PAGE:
PICTURES \ DARRIAN TRAYNOR
How much do a name and a theme alter the prospects of a restaurant? The short answer is that it’s a matter of how heavily it’s marketed. The answer that will earn extra exam marks, though, is whether the concept captures public imagination.
Going from the steady-but-not-unwieldy crowd at Spoonbill, the newest name for the restaurant at The Olsen Hotel, there’s a shortage of one of these elements. Perhaps it’s just a matter of time. There is no lack of imagination here – either in the food, which is contemporary and creative, the art-driven concept or the wistful, nature-inspired décor.
The Olsen is a member of the Art Series Hotel Group, a chain of boutique properties created by developer and entrepreneur William Deague and themed around the works of Australian artists. The chain includes The Cullen, inspired by Adam Cullen, in Prahran and The Blackman, a tribute to the works of Charles Blackman, in St Kilda. The Olsen’s mascot is John Olsen, whose colourful, abstract works feature prominently throughout the hotel.
Olsen apparently funded his early art career by working as a chef in Majorca in the 1950s, where he learnt to cook paella. His works feature many Australian-inspired landscapes, regular images of the spoonbill and a recurring paella theme. All of this has been creatively combined in the name of the restaurant which was changed and relaunched in March, its locally sourced regional produce and its signature sharing dish – a notable paella.
For head chef Russell Gronow (Il Solito Posto, The Continental, MoMo), who says he has “been around for a while” and has “always tried to keep up with the trends”, the Spoonbill concept was an opportunity to create modern, interesting food based around a sharing philosophy.
Gronow’s menu has sections for solo grazers, who might wish to Eat Like a Bird, or In Abundance, and for flocks seeking A Shared Affair. It features Cloudy Bay oysters, Otway Ranges pork, Spear Creek saltbush lamb and promotes the concept of sustainability. Herbs are grown in the hotel’s edible garden, accessible to guests and neighbours, who are encouraged to plant seeds and nurture them.
There’s a tapas, or pecking section, that includes a rotating offering of tacos – lemongrass and chilli snapper with red onion and coriander, wagyu rump with avocado and emmental cheese, or perhaps a beef vindaloo version. There’s also a salumi plate, Spring Bay mussels, Queensland prawns and changing mini-burgers such as an organic corn-fed chicken creation that arrives on a fine-grained wooden board. A petite grain-topped roll contains an excellent chicken patty rich with herbs, parmesan and lemon zest and dressed with a generous, creamy aioli.
Less suitable for sharing are dishes such as the smoked lamb rump with saffron kipfler potatoes, baby vegetables and olive jus or the excellent blue swimmer crab spaghettini. The delicate pasta is of just the right density for the fleshy pieces of crustacean meat, brought together with a rich harissa-enhanced tomato sauce and astute use of fresh coriander.
Gronow uses Olsen’s paella recipe and says the artist likens the dish to a work of art that combines vibrant colours and flavours to create a masterpiece. According to the menu blurb, Olsen is inspired by the shape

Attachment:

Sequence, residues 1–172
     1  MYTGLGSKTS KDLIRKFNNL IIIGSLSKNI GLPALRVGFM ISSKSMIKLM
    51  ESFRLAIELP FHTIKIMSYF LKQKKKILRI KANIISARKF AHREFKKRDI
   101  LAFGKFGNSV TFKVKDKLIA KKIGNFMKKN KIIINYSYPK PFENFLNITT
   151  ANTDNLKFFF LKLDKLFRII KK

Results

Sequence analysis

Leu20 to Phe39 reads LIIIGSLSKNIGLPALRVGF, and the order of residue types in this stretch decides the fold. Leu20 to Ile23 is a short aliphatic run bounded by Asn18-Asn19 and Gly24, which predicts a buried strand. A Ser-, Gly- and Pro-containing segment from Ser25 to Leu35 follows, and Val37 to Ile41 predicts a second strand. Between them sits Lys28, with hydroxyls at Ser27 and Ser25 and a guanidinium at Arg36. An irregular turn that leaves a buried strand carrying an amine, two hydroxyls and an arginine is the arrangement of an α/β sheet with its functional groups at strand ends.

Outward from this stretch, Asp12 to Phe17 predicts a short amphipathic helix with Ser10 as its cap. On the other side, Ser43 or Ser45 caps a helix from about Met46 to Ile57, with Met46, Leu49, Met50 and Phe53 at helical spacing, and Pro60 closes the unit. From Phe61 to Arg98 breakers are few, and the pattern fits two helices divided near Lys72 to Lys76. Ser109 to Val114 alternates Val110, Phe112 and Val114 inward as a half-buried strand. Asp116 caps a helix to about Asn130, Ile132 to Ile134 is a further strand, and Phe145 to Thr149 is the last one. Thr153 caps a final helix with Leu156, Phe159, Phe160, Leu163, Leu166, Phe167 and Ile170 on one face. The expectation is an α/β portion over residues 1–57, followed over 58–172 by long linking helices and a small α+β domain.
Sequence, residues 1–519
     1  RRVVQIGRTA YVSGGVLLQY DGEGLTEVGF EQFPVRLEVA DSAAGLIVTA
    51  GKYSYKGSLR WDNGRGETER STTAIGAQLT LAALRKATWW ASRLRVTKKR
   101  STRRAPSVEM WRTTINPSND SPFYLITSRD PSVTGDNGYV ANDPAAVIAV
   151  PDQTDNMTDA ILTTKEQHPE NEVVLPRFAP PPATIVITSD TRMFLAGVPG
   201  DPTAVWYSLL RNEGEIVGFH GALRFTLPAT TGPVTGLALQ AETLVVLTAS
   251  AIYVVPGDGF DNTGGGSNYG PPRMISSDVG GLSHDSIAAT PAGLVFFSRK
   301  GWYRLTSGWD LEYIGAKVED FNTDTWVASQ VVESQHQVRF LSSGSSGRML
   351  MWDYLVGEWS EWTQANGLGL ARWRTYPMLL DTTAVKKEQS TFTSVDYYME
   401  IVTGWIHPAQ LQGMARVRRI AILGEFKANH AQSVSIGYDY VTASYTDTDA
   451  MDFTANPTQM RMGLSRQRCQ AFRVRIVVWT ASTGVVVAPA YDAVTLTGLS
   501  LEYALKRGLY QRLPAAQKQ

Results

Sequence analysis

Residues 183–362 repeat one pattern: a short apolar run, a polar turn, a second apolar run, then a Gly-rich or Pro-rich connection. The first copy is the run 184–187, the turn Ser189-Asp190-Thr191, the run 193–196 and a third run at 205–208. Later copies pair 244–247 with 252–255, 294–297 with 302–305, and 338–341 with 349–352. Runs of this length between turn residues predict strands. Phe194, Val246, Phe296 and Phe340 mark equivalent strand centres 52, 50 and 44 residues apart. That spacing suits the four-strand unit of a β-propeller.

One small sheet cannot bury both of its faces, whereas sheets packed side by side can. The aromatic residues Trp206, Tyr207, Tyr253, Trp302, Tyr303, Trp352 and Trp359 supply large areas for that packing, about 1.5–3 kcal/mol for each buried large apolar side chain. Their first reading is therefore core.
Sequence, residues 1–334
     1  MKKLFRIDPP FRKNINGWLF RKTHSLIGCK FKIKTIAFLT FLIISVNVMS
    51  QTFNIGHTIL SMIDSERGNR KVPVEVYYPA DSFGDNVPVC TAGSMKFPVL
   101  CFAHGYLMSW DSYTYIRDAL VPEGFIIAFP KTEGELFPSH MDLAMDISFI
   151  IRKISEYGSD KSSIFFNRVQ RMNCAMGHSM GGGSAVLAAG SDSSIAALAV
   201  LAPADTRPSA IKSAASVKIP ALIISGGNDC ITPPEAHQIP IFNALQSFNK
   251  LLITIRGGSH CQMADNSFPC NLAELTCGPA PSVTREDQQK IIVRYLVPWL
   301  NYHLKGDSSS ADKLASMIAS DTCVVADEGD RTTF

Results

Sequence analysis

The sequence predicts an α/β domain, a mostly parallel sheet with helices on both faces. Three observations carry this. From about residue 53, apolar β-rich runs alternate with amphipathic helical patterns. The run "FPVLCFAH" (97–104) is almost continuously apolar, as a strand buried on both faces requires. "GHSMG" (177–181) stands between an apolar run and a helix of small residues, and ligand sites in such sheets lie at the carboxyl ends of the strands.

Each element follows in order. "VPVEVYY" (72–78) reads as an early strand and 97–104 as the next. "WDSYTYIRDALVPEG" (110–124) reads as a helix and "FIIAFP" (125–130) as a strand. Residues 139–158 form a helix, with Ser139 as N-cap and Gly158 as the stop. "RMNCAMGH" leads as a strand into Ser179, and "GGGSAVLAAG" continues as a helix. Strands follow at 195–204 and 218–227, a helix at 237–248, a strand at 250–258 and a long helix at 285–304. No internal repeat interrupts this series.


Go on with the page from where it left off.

of the paella pan and its contrasting colours when painting.
The dish is offered for one, two or four and arrives in a traditional cast-iron pan. A good paella is defined by the treatment of its staple and its hero should be the fabulous texture of excellently treated bomba rice. If the rice is overdone, or too heavily flavoured, it just becomes a showy, pretentious mess of ingredients.
In Gronow’s hands, there’s respect for everything: the precisely balanced combination of chorizo, pork belly, roasted capsicum, razor clams, rockling, prawns and mussels is finished with just enough paprika to retain freshness of the ingredients, and the saffron-infused rice shines.
Desserts showcase the chef’s classic training and the hotel’s nature-inspired theme – but Gronow gives credit to his wife for the ideas behind the apple delicious. It’s a snappily presented platter containing a stunning verdant apple sorbet, a tiny glass of apple jelly, topped with a Calvados panna cotta (united to look like a glass of apple cider) and a delicate apple-filled mille-feuille. A chocolate platter contained a decadent white-chocolate ice-cream, a terrific slice of chocolate brownie and a slender marquise sculpture, strewn with an admirable house-made honeycomb.
The Olsen sends its message of sustainability not only through its earth-themed décor and its locally sourced ingredients but also in the Smart Cars and bicycles for its guests that ferry them, and the hotel’s name, around town. That’s good marketing, and something that will capture people’s imagination. I think Spoonbill will appeal to it, too.
637 Chapel Street, South Yarra
Cuisine \ Modern Australian
Chef \ Russell Gronow
Prices \ Small dishes $6.50-$22; larger dishes $18-32; shared plates $30-$110
Open \ Daily 6am to late
Phone \ 9040 1222
The Verdict \ Put on your list
Showpiece cane sculptures envelope the supporting pillars in this dramatic, high-ceilinged space, drawing the eye like the centrepiece of any great work of art. There’s something a bit ’70s about the curved bar area covered in dark-toned tiny circular tiles and a hint of the ’80s in the vertical blinds comprised of sage-coloured strands of cord. But the overall look, augmented by stunning timber floors and tables, is reminiscent of the wetlands habitat of the Australian spoonbill. A mobile featuring about 80 wooden spoons hanging in the front window adds satire.